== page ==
Our Brexit fate is in the hands of France’s president Macron – which is “not a wholly comfortable state of affairs,” in the euphemistic words of a minister. What this minister means is the Prime Minister and her close colleagues are a long way from being convinced Macron will underwrite EU president Donald Tusk’s proposal for the UK to be granted a year’s delay to Brexit, with a break clause to allow us to leave the EU earlier if all the political and legal niceties can be completed earlier. They believe – rightly or wrongly – Macron has three serious reservations with conceding such a longish and relatively unfettered extension:
1) Macron sees merit in punishing the UK for Brexiting, in order to deter populists in other EU countries from pursuing agendas to extricate their respective nations from the EU.
2) Macron fears Jacob Rees-Mogg speaks for a number of the candidates to succeed Theresa May – and notably Boris Johnson and Dominic Raab – in urging the UK to abandon the “duty of sincere co-operation” with other EU members, were our membership of the EU to be extended. On Friday, Rees-Mogg said the UK should “veto any increase in the budget, obstruct the putative EU army and block Mr Macron’s integrationist schemes”.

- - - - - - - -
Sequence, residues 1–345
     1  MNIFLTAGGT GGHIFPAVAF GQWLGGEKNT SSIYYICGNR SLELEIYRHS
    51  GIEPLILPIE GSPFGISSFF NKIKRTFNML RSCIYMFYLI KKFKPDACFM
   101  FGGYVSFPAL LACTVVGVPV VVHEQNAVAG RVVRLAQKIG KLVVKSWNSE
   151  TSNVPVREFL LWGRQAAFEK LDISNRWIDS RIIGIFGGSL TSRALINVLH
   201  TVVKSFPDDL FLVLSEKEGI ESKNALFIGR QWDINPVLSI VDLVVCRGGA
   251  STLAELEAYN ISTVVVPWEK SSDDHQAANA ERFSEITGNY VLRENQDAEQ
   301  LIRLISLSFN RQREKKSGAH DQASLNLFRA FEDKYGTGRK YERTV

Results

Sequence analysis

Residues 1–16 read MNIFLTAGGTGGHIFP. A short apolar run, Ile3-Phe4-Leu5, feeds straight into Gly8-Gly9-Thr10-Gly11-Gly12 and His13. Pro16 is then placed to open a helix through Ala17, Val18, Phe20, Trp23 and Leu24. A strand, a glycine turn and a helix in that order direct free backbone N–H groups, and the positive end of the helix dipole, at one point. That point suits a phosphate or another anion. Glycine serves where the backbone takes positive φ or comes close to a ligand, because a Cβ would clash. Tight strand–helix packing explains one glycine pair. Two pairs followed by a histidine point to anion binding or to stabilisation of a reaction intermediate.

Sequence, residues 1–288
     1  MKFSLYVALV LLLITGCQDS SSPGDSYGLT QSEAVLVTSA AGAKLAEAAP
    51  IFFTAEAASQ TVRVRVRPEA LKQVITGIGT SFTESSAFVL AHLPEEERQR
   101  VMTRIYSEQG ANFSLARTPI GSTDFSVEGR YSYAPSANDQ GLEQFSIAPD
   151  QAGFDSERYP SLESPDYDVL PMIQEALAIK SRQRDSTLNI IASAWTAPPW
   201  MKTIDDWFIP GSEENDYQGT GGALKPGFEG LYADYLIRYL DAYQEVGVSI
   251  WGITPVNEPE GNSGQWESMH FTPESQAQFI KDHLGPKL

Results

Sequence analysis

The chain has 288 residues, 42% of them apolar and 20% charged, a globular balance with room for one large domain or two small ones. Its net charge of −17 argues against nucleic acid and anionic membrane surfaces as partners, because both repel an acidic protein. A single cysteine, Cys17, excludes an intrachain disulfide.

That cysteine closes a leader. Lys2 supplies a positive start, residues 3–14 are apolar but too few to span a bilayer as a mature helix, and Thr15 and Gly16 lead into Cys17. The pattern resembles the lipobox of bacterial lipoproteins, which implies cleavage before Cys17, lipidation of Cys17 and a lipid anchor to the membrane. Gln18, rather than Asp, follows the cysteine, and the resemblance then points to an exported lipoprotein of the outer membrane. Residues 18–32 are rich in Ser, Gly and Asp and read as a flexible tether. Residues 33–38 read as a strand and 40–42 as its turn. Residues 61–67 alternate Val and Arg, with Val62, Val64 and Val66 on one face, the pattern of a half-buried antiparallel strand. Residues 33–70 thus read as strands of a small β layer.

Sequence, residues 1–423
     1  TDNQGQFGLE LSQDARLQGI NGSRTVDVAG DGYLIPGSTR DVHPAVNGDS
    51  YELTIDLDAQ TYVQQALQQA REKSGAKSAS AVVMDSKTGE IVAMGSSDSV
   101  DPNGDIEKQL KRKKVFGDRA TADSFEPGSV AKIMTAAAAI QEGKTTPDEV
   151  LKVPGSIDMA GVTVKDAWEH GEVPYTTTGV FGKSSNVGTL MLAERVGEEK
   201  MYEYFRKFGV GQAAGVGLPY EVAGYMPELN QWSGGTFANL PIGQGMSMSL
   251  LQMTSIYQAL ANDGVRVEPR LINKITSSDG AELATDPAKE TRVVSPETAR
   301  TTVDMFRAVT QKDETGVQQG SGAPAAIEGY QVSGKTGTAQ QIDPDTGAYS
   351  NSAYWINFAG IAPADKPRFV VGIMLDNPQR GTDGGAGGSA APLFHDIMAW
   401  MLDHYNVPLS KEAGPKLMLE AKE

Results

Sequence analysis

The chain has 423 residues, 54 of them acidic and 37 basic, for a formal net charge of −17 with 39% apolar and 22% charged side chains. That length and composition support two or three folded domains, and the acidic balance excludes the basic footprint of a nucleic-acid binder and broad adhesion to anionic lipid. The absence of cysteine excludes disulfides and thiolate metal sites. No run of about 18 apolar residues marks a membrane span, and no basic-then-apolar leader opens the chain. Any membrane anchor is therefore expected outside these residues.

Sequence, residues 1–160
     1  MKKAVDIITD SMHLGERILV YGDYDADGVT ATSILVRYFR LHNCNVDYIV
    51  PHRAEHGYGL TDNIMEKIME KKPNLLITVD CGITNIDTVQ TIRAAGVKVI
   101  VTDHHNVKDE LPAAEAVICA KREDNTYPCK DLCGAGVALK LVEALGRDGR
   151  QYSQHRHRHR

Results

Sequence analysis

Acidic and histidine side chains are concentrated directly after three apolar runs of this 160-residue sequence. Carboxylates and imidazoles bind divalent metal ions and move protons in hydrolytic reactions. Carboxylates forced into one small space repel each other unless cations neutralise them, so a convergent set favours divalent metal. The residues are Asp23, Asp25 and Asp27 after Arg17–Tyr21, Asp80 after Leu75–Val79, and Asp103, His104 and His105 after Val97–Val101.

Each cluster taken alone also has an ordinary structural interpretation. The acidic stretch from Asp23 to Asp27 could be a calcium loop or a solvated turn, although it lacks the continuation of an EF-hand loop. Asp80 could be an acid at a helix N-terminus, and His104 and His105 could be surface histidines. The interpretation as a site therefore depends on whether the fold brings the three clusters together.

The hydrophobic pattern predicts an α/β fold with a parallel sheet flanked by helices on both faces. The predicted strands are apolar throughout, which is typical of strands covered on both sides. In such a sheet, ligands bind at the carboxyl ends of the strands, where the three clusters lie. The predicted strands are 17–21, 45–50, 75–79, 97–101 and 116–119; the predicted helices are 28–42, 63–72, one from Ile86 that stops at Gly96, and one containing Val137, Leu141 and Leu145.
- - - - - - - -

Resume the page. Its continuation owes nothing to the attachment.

3) Macron has a penchant for big ideas and ambitious projects – which means, UK ministers fear, he would be profoundly uncomfortable with any Brexit delay that was a muddling through rather than for an explicit purpose.
This leaves the Prime Minister in the embarrassing position of needing to urge amity and leniency on Macron, when she meets him tomorrow evening. She will be hoping she’ll have something tangible to tell him about a possible Brexit entente with Labour – though the Government is torn between the imperative of demonstrating the talks with the opposition are sincere, and the risk a detailed agreement would in practice be a target for both Tory Brexiters and EU Governments to blow up. Ministers and EU officials see Labour’s official Brexit plan as cakeism of the most cynical and unrealistic kind – because they don’t see how it is compatible with Labour’s pledge it would end free movement of people.
Theresa May will also have to somehow agree a formula with Macron and other EU leaders that would commit both herself and her successor as PM not to do as Rees-Mogg urges, namely to cynically disrupt the smooth functioning of the EU, until a better Brexit is agreed. Which if it can be done (not obvious) would mean the UK being shackled with an inferior class of EU member during whatever membership extension is offered us.
Just to remind you, a Brexit delay requires the unanimous agreement of all EU members states (including the supplicant, the UK). And France is probably the only EU member, and Macron the only EU leader, empowered enough by a sense of EU ownership to exercise the veto, at the UK’s expense.
Robert Peston is ITV’s Political Editor. This post originally appeared on his ITV news blog